# Motion and speed

## Jump to

## Key points

Speed is a measure of how fast an object is moving.

Calculate speed using the speed equation -

**speed = distance divided by time**.The speed equation can be rearranged to find distance travelled and time taken.

## What is speed?

is a measure of how fast an object is moving.

To work out an object’s speed you need to know the it has travelled and the time taken.

Calculate speed using the equation \(speed = \frac {distance}{time} \).

### The speed equation

Watch this vídeo of Professor Brian Cox explaining the speed equation.

**In the video, what units are used to measure speed?**

In the vídeo, speed was measured in metres per minute (m/min).

The most commonly used unit in Physics is metres per second (m/s).

Based on what you have learned about the speed equation in the video, have a go at this question.

**Calculate the speed of a runner who runs 100m in 10s.**

Speed = ?

Distance = 100m

Time = 10s

\( speed = \frac {distance}{time}\)

\( speed = \frac {100}{10}\)

\( speed = 10m/s\)

## Rearranging the speed equation

The speed equation can be rearranged to find either the distance travelled or the time taken.

The speed equation is:

\(speed = \frac {distance}{time} \)

To find the distance the object has travelled, rearrange the speed equation to:

\(Distance = speed \times time\).

To find the time taken rearrange the speed equation to:

\( Time = \frac {distance}{speed} \).

Have a look at this example:

Calculate the distance travelled by a car in 10 s, travelling at a speed of 20 m/s

Speed = 20m/s

Distance = ?

Time = 10s

Step 1 - use the speed equation:

\( speed = \frac {distance}{time} \)

Step 2 - substitute in the values you know:

\(20 = \frac {distance}{10}\)

Step 3 - simplify the equation by multiplying both sides by 10 to remove the 10 from the bottom of the fraction on the right hand side:

\( 20 \times 10 = \frac {distance \times 10}{10}\)

This cancels to give:

\( 200m = distance \)

So the distance travelled is 200 metres

Now have a go at this question.

**Calculate the time it takes a runner to cover 200 m at a speed of 8 m/s.**

Speed = 8 m/s

Distance = 200m

Time = ?

Start with the speed equation:

\( speed = \frac{distance}{time} \)

Substitute in the values you know:

\(8 = \frac{200}{time}\)

To simplify this equation, multiply both sides by time. This will remove 'time’ from the bottom of the fraction:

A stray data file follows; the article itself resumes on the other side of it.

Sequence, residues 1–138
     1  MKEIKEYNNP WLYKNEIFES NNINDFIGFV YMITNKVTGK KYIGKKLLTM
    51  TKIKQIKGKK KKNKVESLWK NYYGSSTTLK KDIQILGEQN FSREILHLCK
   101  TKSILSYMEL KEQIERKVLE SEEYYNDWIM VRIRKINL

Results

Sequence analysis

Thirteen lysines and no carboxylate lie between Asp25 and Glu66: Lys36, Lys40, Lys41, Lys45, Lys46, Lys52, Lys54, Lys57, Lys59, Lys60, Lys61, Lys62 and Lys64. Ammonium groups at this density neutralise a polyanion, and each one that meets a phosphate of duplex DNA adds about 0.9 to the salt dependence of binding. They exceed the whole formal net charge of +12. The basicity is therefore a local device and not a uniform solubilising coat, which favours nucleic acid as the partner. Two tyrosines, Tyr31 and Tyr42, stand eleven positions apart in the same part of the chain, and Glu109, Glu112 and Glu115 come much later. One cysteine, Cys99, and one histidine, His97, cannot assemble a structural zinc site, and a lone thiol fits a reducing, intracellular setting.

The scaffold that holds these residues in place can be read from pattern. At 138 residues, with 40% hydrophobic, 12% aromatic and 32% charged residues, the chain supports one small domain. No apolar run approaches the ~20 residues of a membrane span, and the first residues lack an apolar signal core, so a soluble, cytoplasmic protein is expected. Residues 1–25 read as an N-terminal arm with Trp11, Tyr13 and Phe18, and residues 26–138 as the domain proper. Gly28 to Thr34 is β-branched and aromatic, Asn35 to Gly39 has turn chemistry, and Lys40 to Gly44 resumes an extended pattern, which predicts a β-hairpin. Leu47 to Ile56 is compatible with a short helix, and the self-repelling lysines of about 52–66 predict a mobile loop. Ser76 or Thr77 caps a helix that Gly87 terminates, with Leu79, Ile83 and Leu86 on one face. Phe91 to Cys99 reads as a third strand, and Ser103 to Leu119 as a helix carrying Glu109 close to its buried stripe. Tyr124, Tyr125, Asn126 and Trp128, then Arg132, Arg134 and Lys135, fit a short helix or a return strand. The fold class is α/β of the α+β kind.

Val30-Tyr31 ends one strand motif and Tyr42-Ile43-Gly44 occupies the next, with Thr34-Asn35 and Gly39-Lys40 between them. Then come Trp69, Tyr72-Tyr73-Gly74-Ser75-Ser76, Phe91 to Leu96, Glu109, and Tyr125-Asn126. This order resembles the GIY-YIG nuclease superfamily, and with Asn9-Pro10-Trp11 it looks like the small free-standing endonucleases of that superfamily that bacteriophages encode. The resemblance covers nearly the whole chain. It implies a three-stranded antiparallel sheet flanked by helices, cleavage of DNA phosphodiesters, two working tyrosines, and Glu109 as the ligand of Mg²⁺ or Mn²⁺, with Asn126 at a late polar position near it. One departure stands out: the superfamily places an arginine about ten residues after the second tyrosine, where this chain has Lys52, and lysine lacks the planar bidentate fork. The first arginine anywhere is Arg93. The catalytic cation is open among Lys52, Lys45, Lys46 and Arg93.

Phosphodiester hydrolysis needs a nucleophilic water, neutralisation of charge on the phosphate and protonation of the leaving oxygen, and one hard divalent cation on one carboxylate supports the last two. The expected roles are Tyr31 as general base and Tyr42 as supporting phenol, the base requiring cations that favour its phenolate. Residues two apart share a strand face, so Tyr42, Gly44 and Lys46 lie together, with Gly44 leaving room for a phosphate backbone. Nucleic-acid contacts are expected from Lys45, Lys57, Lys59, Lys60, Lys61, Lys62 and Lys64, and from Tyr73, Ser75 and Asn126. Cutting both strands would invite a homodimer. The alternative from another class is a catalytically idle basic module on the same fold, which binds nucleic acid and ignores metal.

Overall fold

\( 8 \times time = \frac{200 \times time}{time} \)

‘Time’ now cancels from the right hand side, because it appears on the top and bottom of the fraction:

\( 8 \times time = 200 \)

Simplify this equation by dividing both sides by 8, which will leave time on its own on the left:

\( \frac{8 \times time}{8} = \frac{200}{8} \)

\( time = \frac{200}{8}\)

\( time = 25s\)

So the time taken is 25 seconds.

## Measuring speed

In science, is typically measured in metres per second, m/s. This is the simplest of speed.

is measured in metres.

Sometimes a question will give distance measured in kilometres. You can convert kilometres into metres by multiplying it by 1000.

For example 10 km = 10 x 1000 = 10,000m.

is measured in seconds.

## Speed cameras

Speed cameras are used to find out if a motorist is travelling faster than the speed limit for the road.

The camera takes two photos of the vehicle. The two photos can be taken:

- at a certain time apart so the distance travelled in that time can be measured

or

- a certain distance apart so the time taken can be measured.

The computer connected to the speed camera can then divide the value of ‘distance travelled’ by the value of ‘time taken’ to calculate the speed of the car.

## Relative motion

If you have travelled in a car on the motorway, you may have noticed that other cars passing by appear to move slowly past you, even though you know the actual speeds of the two cars are very high. This is because of their relative motion to each other.

The calculation for relative speed depends on whether the objects are moving in the same direction or the objects are moving in opposite directions towards, or away from, each other.

### Objects moving in the same direction

\(Relative~speed = fastest~speed - slowest~speed\)

For example:

Two cars are travelling in the same direction on a road.

The blue car is travelling at 25 m/s in front of the red car, which is travelling at 30 m/s. What is their relative speed?

\(Relative~speed = fastest~speed - slowest~speed\)

\(Relative~speed = 30 - 25\)

\(Relative~speed = 5 m/s\)

To a passenger in the red car, the blue car appears to be travelling past at 5 m/s.

### Objects moving in opposite directions towards, or away from, each other

\(Relative~speed = speed~of~object~1 + speed~of~object~2\)

For example:

Two cars are travelling towards each other on a road.

The blue car is travelling at 15 m/s. The red can is travelling at 20m/s. What is their relative speed?

\(Relative~speed = speed~of~object~1 + speed~of~object~2\)

\(Relative~speed = 15 + 20\)

\(Relative~speed = 35 m/s\)

To a passenger in either car, it would appear that the other car is approaching at a speed of 35 m/s.